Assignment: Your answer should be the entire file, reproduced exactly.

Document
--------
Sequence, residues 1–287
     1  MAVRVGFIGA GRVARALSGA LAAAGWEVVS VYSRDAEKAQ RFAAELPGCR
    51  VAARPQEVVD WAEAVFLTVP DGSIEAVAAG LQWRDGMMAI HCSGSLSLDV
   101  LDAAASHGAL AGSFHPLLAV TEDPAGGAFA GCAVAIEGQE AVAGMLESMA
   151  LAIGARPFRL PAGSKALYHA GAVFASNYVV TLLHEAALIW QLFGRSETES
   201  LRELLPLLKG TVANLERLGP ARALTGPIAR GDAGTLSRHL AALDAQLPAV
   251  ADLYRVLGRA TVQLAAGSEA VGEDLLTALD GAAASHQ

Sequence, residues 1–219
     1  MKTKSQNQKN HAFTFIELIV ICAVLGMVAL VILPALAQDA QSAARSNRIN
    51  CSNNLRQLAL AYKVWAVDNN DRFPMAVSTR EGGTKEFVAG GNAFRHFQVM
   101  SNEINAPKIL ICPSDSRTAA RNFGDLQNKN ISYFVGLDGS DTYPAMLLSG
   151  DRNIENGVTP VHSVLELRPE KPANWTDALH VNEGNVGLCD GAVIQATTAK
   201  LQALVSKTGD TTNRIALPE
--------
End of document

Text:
Sequence, residues 1–287
     1  MAVRVGFIGA GRVARALSGA LAAAGWEVVS VYSRDAEKAQ RFAAELPGCR
    51  VAARPQEVVD WAEAVFLTVP DGSIEAVAAG LQWRDGMMAI HCSGSLSLDV
   101  LDAAASHGAL AGSFHPLLAV TEDPAGGAFA GCAVAIEGQE AVAGMLESMA
   151  LAIGARPFRL PAGSKALYHA GAVFASNYVV TLLHEAALIW QLFGRSETES
   201  LRELLPLLKG TVANLERLGP ARALTGPIAR GDAGTLSRHL AALDAQLPAV
   251  ADLYRVLGRA TVQLAAGSEA VGEDLLTALD GAAASHQ

Sequence, residues 1–219
     1  MKTKSQNQKN HAFTFIELIV ICAVLGMVAL VILPALAQDA QSAARSNRIN
    51  CSNNLRQLAL AYKVWAVDNN DRFPMAVSTR EGGTKEFVAG GNAFRHFQVM
   101  SNEINAPKIL ICPSDSRTAA RNFGDLQNKN ISYFVGLDGS DTYPAMLLSG
   151  DRNIENGVTP VHSVLELRPE KPANWTDALH VNEGNVGLCD GAVIQATTAK
   201  LQALVSKTGD TTNRIALPE